Remote monitoring of a person’s sleep.  The Zeo sleep monitoring system (which I’ve used for three years) has now developed a wireless version that instantly relays the user’s sleep data from the headband via a bedside mobile phone to the Zeo database.  This kind of technology opens the door to real-time remote monitoring of people’s sleeping experience, and potentially the ability to reverse the flow of data and influence/shape/guide people while they sleep.  If enough people were linked into the system, it could serve police states as a valuable tool in 24-hour mind-body surveillance.

 

My interest in these morbidly malevolent scenarios is not entirely theoretical.  Over the past few years of developing the Sleep and Dream Database I’ve been thinking of the darker possible applications of this technology, less Star Trek and more Blade Runner.  If it’s true, as most researchers at the IASD are claiming, that dreams are accurate expressions of people’s deepest fears, desires, and motivations, then it’s also true a real potential exists to put that dream-based information to ill use.

 

Projecting even farther forward, I wonder if there might be some kind of future inflection point where the amount of data we gather suddenly reveals much bigger patterns and forms of intelligence than we had previously been able to recognize or scientifically document.  What would happen if this leap of knowledge enabled our collective dreaming selves to somehow unite to challenge the dominance (one might say totalitarian regime) of waking consciousness?

 

I think about all this as I continue building up the SDDb, trying to make good decisions and avoid the nightmare pitfalls.  Dystopian fantasies help me clarify what’s at stake, where the dangers lurk, and how the future may unfold.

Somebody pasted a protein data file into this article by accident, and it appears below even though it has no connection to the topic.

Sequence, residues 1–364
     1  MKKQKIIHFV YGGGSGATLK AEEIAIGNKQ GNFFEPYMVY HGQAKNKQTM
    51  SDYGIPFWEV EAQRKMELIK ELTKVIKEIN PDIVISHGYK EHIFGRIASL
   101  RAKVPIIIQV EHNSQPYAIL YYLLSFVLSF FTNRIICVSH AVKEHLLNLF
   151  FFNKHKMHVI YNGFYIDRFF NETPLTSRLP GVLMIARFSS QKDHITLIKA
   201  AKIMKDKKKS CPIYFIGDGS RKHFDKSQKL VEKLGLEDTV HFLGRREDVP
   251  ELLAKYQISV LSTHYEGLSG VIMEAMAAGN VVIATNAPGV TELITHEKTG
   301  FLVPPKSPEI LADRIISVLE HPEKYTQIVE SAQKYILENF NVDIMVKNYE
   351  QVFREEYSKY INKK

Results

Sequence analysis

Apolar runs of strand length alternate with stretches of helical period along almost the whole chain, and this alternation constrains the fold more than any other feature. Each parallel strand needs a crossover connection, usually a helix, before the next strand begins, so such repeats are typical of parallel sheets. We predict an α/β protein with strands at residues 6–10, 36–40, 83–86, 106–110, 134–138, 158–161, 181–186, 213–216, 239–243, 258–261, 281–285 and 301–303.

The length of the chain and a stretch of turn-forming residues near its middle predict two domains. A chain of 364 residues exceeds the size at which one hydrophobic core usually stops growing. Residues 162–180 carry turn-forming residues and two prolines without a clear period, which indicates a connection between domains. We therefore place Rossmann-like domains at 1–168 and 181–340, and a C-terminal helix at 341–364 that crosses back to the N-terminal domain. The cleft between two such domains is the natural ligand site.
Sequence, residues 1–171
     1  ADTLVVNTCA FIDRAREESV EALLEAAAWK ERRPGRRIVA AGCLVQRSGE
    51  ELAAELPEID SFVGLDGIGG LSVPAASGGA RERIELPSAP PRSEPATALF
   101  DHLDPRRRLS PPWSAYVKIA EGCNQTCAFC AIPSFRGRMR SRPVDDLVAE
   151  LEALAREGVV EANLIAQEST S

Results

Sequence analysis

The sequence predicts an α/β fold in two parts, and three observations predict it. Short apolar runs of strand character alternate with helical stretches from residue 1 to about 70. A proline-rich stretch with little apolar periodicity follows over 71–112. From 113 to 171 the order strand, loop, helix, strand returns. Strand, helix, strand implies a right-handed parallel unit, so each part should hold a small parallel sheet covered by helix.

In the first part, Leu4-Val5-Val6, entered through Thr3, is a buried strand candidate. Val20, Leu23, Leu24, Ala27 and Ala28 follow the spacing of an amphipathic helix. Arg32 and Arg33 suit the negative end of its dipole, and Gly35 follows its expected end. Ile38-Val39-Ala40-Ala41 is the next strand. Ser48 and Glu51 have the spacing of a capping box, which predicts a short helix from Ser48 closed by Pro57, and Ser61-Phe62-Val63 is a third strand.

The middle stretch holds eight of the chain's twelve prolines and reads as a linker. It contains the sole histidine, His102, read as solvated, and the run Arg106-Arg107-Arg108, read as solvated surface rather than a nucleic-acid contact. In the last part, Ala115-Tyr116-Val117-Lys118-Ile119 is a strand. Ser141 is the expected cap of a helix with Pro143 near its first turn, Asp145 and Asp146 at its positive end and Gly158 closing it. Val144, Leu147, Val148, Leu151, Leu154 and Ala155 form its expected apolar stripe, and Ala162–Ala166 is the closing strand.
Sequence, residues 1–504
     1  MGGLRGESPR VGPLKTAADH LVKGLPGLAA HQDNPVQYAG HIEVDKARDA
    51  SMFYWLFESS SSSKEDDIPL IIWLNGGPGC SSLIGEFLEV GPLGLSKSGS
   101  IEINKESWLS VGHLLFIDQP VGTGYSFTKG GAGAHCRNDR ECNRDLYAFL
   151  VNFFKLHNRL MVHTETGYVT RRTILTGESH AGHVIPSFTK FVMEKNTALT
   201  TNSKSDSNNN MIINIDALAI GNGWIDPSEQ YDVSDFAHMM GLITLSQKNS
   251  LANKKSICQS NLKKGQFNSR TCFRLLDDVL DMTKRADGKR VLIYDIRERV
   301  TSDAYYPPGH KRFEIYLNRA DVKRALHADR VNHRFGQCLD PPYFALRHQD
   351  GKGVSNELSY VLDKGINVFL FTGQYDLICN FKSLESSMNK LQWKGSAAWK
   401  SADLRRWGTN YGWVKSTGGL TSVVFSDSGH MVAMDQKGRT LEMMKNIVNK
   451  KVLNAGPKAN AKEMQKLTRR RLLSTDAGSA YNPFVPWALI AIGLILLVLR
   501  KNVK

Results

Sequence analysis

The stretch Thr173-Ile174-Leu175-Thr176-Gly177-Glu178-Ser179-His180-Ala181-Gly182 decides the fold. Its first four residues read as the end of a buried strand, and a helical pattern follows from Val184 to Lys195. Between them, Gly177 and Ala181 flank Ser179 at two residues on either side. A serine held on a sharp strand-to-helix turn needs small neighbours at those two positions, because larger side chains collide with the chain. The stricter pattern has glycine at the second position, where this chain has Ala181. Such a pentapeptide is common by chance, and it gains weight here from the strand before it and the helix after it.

You may be familiar with Arthur C. Clarke’s 1953 science fiction short story “The Nine Billion Names of God.”  If so, you’ll understand why, as I work on developing new database technologies for dream research, I meditate on the phrase, “The Nine Billion Dreams of God.”

 

 

 

Dystopian Films and TV: Blade Runner, 12 Monkeys, Children of Men, Logan’s Run, The Matrix, Soylent Green, V for Vendetta, Battlestar Galactica, The Prisoner, Gattica, Terminator, Alien, Total Recall, 28 Days

 

Dystopian Novels: The Hunger Games, Fahrenheit 451, Neuromancer, 1984, Brave New World, The Time Machine

 

 

What I Learned at the 2012 IASD Conference

What I Learned at the 2012 IASD Conference by Kelly BulkeleyHere are excerpts from notes I took during the recent conference of the International Association for the Study of Dreams, held in Berkeley, California, June 22-26.  In parentheses I’ve put the names of the people who were presenting or commenting at the time.

 

Jung’s focus on the number 4 is “dangerous” and promises a “seductive wholeness.”  (John Beebe)

 

In electrophysiological terms, as measured by the EEG, lucid dreaming can be described as meditation in sleep. (Jim Pagel)

 

A challenge for lucid dreamers: How to distinguish a failed lucidity technique from a sage warning from the unconscious. (Jeremy Taylor)

 

The pioneering French filmmaker George Meliere drew upon the fantastically creative, compelling illusions of dream experience to create a tradition of visionary cinema that we see today in “The Matrix” and “Eternal Sunshine of the Spotless Mind.” (Bernard Welt)

 

In a sample of 170 German school children, those who talk with their parents, siblings, and friends about dreams tend to have higher dream recall, suggesting a positive relationship between dream socialization and recall. (Michael Schredl)

 

People who are high dream recallers seem to have more activity in the brain’s tempero-parietal junction and medial prefrontal cortex, in both waking and sleep conditions.  These brain areas have been associated in waking with mental imagery and mind attributions (theory of mind), respectively. (Jean-Baptiste Eichenlaub, et al.)